It’s no surprise to many of you that over the years our vision changes. Yearly eye exams are crucial to discovering the development of any eye-disease processes in their earliest phases. Common eye disorders leading to loss of vision are:
Cataracts - when the lens of the eye becomes cloudy and vision gets blurry. You may have trouble seeing at night or in dim light. You may see halos around objects and be sensitive to glare. Cataracts are treated by removing the cloudy lens and replacing it with a clear lens implant. Risk factors for developing cataracts include:
- unprotected exposure to sunlight
- high cholesterol or high blood pressure
- previous eye injury or surgery
- family history of cataracts
Glaucoma - can cause vision loss from high fluid pressure in the eye or poor circulation causing damage to the optic nerve. There are no early symptoms of this disease, which is why it’s important to have a dilated eye exam yearly. Treatment may include eye drops, laser treatment, or surgery. Risk factors for developing glaucoma include:
- family history of glaucoma
- past eye injury
- high eye pressure or low blood pressure
- African or Hispanic ancestry
- high levels of farsightedness or nearsightedness
Age-Related Macular Degeneration (AMD) - occurs when the macula, or central part of the tissue at the back of the eye (the retina), becomes damaged. This may cause you to lose central vision. You see only parts of letters, colors may be less vivid, or straight lines may appear wavy. Reading or driving becomes very difficult. Treatment may involve nutritional supplements, dietary changes, laser treatment, or eye injections for the “wet” type of AMD. Risk factors for developing AMD include:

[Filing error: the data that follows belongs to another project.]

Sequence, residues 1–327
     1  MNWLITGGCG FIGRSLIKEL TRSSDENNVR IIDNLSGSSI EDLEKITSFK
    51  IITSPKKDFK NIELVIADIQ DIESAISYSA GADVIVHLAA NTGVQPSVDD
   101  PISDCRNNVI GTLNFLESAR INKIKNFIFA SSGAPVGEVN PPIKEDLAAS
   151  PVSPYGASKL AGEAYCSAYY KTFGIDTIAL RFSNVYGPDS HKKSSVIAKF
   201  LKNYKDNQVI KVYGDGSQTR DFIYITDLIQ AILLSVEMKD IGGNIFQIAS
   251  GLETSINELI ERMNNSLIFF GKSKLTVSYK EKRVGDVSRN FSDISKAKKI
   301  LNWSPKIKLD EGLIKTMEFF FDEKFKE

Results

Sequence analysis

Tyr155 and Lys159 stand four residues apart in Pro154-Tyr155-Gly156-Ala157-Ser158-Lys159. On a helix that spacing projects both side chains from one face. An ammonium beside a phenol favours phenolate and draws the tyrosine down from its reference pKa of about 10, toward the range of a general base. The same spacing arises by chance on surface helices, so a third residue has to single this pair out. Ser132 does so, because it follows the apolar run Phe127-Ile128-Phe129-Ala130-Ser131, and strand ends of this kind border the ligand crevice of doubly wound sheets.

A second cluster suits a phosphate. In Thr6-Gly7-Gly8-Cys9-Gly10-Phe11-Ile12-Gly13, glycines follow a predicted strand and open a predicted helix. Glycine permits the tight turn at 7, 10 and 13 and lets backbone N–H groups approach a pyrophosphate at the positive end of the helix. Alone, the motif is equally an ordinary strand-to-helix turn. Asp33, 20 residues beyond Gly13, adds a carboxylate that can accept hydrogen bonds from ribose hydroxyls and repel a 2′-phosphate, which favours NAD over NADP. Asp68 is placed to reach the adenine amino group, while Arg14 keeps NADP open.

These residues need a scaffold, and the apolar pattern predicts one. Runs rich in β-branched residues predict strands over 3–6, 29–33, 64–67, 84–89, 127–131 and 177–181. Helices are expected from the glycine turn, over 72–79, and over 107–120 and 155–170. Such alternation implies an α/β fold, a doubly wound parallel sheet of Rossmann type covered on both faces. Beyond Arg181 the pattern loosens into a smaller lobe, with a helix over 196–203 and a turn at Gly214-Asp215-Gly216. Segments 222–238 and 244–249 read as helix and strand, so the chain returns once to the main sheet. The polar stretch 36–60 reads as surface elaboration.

- family history of AMD
- exposure to ultraviolet light (unprotected sun exposure)
- lack of nutrients reaching the retina
Two other retinal disorders are:
Diabetic Retinopathy - may occur with chronic high blood sugars. Treatment may involve laser surgery. Prevent damage to your retina by maintaining good blood sugar control, as well as managing your blood pressure and cholesterol levels.
Retinal Detachment - a medical emergency where the retina separates from the back of the eye. If you see many new “floaters” (small dark specks that seem to float across your vision), flashes of light, or a “curtain” seems to drop over your eye, see your eye care physician right away.
Tips for Healthy Eyes:
- Protect your eyes from too much sun (wear sunglasses that block UV radiation and wear a wide-brimmed hat).
- Stop smoking.
- Eat a healthy diet with fresh vegetables and fruits, and fish rich in omega 3 fatty acids.
- Exercise regularly and maintain a healthy weight.
- Maintain normal blood pressure, cholesterol, and blood sugar.
Marla LeFevre, RN
Director of Health Services